CURE CYCLE – The time/temperature/pressure cycle used to cure a thermosetting resin system of prepreg.
CURE STRESS – A residual intenal stress produced during the curing cycle of composite structures. Normally, these stresses originate when different components of a wet lay-up have different thermal coefficients of expansion.
CURING AGENT – A catalytic or reactive agent that brings about polymerization when it is added to a resin.
DELAMINATION – The separation of a laminated plastic material along the plane of its layers.
DRY LAMINATE – A laminate containing insufficient resin for complete bonding of the reinforcement. See also resin starved.
DRY LAY-UP – Construction of a laminate by the layering of preimpregnated reinforcement (partly cured resin) in a female mold or on a male mold, usually followed by bag molding or autoclave molding.
E-GLASS – “Electrical glass”; the borosilicate glass most often used for the glass fibers in conventional reinforced plastics.
FIBER-REINFORCED PLASTIC (F.R.P.) – A general term for a composite that is reinforced with cloth, mat, strands, or any other fiber form.
FILL – Yarn oriented at right angles to the warp in a woven fabric.
FILLER – A relatively inert substance added to a material to alter its physical, mechanical, thermal, electrical, and other properties or to lower cost or density. Sometimes the term is used specifically to mean particulate additives.
FRACTURE – A rupture of the surface of a laminate because of external or internal forces, with or without complete separation.
GEL – The initial jellylike solid phase that develops during the formation of a resin from a liquid. A semisolid system consisting of a network of solid aggregates in which liquid is held.
GEL COAT – A quick setting resin applied to the surface of a mold and gelled before lay-up. The gel coat becomes an integral part of the finished laminate, and is usually used to improve surface appearance and bonding.
GEL TIME – The time required for a liquid material to form a gel under specified conditions of temperature as measured by a specific test.
GLASS CLOTH – Conventionally woven glass fiber material; certain lightweight glass fabrics are also called scrims.
GRAPHITE FIBERS – A group of carbon fibers which have a carbon content of about 99% and also have high modulus values. This term is used interchangeably with “carbon fibers” throughout the industry.
HAND LAYUP – A fabrication method in which reinforcement layers, preimpregnated or coated afterwards, are placed in a mold by hand, then cured to the formed shape.
HARDENER – A substance used to promote or control curing action by taking part in it; as opposed to catalyst.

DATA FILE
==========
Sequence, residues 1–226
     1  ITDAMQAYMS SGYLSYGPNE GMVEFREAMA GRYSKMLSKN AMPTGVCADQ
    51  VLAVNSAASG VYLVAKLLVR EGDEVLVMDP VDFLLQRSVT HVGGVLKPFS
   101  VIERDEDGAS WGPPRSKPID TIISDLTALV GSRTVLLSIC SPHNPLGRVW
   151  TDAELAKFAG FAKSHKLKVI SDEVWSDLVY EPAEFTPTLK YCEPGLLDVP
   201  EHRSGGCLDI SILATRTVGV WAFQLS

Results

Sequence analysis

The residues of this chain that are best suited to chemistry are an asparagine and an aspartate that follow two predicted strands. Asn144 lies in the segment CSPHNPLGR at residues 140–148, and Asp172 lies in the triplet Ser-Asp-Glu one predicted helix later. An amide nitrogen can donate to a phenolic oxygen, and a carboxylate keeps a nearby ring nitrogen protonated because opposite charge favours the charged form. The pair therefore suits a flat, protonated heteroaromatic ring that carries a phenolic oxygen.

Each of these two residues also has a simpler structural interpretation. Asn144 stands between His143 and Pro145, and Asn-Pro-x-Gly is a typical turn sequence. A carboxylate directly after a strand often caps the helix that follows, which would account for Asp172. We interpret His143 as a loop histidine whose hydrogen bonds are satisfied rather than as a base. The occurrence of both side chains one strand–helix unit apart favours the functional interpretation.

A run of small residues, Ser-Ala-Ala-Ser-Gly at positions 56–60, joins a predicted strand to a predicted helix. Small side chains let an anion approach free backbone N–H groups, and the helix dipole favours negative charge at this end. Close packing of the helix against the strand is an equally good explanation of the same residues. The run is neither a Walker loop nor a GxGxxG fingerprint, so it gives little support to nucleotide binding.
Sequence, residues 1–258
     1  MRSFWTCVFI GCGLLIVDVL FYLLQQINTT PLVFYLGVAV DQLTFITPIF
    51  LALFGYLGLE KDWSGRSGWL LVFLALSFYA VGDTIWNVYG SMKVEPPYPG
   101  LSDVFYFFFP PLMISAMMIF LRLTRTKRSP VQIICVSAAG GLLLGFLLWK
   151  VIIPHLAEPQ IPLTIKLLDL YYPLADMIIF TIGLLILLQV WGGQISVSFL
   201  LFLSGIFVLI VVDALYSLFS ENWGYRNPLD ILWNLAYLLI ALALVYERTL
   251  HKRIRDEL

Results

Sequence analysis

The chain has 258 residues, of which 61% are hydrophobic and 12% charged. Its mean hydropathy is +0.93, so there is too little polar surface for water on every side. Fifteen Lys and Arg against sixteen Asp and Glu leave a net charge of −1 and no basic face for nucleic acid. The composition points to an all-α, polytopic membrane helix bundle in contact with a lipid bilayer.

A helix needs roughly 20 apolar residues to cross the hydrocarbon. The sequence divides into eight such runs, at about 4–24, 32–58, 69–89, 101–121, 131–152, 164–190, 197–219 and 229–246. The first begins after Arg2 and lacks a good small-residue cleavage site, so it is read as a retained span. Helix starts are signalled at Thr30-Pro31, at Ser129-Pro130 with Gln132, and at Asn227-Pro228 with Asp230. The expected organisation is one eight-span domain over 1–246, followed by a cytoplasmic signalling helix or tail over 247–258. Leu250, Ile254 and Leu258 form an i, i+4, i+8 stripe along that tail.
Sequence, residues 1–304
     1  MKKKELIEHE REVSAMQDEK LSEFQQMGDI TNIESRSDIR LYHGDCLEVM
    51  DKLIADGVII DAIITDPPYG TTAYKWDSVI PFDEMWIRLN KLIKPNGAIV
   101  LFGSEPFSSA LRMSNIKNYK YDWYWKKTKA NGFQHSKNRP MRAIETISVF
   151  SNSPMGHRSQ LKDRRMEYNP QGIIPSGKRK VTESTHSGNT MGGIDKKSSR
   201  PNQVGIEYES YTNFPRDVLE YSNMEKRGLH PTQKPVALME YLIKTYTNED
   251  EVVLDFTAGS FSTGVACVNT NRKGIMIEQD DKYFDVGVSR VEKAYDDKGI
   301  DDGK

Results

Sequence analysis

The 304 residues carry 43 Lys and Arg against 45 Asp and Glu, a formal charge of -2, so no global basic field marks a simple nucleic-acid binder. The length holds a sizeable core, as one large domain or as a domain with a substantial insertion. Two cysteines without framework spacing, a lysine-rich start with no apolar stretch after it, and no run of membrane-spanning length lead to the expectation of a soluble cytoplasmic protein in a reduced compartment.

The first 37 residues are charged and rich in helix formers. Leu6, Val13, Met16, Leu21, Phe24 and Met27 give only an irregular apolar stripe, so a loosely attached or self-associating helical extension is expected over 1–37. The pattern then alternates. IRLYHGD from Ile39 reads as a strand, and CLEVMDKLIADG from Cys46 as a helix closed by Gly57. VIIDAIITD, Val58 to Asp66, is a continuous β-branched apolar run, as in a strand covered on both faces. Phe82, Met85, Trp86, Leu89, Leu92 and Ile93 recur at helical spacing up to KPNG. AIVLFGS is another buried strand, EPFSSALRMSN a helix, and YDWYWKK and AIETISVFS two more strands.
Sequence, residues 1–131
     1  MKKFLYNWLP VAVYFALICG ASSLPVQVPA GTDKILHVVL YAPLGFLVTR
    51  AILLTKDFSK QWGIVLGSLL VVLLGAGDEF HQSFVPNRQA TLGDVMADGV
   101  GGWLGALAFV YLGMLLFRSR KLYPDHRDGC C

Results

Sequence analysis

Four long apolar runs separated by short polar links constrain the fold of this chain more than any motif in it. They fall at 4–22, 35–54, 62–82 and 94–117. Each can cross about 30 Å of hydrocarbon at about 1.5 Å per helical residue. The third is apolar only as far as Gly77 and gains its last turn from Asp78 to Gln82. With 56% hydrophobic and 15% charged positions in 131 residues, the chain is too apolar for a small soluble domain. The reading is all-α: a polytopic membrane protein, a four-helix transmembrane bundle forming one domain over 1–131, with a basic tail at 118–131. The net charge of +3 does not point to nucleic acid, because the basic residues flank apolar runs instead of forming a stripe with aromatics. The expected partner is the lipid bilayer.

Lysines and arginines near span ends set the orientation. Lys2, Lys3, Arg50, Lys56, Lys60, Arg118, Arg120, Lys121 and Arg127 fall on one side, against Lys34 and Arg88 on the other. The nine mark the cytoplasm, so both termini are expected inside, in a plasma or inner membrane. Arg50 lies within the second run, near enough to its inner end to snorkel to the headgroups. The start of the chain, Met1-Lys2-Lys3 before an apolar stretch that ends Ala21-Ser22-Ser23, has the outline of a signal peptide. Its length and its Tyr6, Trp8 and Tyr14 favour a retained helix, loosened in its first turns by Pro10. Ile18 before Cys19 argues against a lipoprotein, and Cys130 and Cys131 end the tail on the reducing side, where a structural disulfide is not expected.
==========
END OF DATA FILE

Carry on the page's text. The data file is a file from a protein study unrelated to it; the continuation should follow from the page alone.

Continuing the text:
HONEYCOMB – Resin-impregnated material manufactured in, usually, hexagonal cells that serves as a core material in sandwich constructions. Honeycomb may also be metallic or polymer materials in a rigid, open-cell structure.
IMPACT STRENGTH – A material’s ability to withstand shock loading as measured by the work done in fracturing a specimen.
IMPREGNATE – To saturate the voids and interstices of a reinforcement with a resin.
KEVLAR® – Registered trademark of E.I. Dupont de Nemours, Inc. for a strong organic fibers similar to fiberglass but having a higher strength-to-weight ratio. When woven into cloth and impregnated with a thermosetting epoxy resin, it produces a material having high impact resistance and low radio frequency attenuation. Generic term: aramid.
LAMINATE – A product made by bonding together two or more layers of material or materials.
LAY-UP – The reinforcing material placed in position in the mold. The process of placing the reinforcing material in position in the mold. The resin-impregnated reinforcement. A description of the component materials, geometry, and so forth, of a laminate.
MAT – A fibrous reinforcing material comprised of chopped filaments (for chopped-strand mat) or swirled filaments (for continuous-strand mat) with a binder to maintain form; available in blankets of various widths, weights, and lengths.
MILLED FIBER – Continuous glass strands hammer milled into very short glass fibers. Useful as inexpensive filler or anticrazing reinforcing fillers for adhesives.
MOLD – The cavity or matrix into or on which the plastic composition is placed and from which it takes form. To shape plastic parts or finished articles by heat and pressure. The assembly of all the parts that function collectively in the molding process.
MOLD-RELEASE AGENT – A lubricant, liquid, or powder (often silicone oils and waxes), used to prevent sticking of molded articles in the cavity.
MOLD SURFACE – The side of a laminate that faced the mold (tool) during cure in an autoclave or hydroclave.
ORANGE PEEL – An uneven surface somewhat resembling that of an orange peel; said of injection moldings that have inintentionally ragged surfaces.
PEEL PLY – Layer of material applied to a prepreg layup surface that is removed from the cured laminate prior to bonding operations and leaves a clean resin-rich surface ready for bonding.
PLY – In general, fabrics or felts consisting of one or more layers (laminates, and so forth). The layers that make up a stack. Yarn resulting from twisting operations (three-ply yarn, and so forth). A single layer of prepreg. A single pass in filament winding (two plies forming one layer).
POT LIFE – The length of time a catalyzed thermosetting resin system retains a viscosity low enough for it to be suitable for processing.
PREPREG, PREIMPREGNATED – A combination of mat, fabric, nonwoven material, or roving with resin, usually advanced to the B-stage, ready for curing.
PRESSURE BAG MOLDING – A process for molding reinforced plastics in which a tailored, flexible bag is placed over the contact lay-up on the mold, sealed, and clamped in place. Fluid pressure, usually provided by compressed air or water, is placed against the bag, and the part is cured.